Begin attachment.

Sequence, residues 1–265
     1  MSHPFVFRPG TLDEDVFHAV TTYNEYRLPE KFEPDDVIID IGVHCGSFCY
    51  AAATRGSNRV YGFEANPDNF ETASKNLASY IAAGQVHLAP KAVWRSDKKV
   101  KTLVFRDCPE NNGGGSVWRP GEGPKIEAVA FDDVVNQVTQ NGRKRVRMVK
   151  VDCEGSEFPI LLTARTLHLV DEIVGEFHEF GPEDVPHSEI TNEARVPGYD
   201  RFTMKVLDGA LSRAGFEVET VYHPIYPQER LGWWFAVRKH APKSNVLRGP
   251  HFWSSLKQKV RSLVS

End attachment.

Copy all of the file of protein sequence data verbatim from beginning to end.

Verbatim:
Sequence, residues 1–265
     1  MSHPFVFRPG TLDEDVFHAV TTYNEYRLPE KFEPDDVIID IGVHCGSFCY
    51  AAATRGSNRV YGFEANPDNF ETASKNLASY IAAGQVHLAP KAVWRSDKKV
   101  KTLVFRDCPE NNGGGSVWRP GEGPKIEAVA FDDVVNQVTQ NGRKRVRMVK
   151  VDCEGSEFPI LLTARTLHLV DEIVGEFHEF GPEDVPHSEI TNEARVPGYD
   201  RFTMKVLDGA LSRAGFEVET VYHPIYPQER LGWWFAVRKH APKSNVLRGP
   251  HFWSSLKQKV RSLVS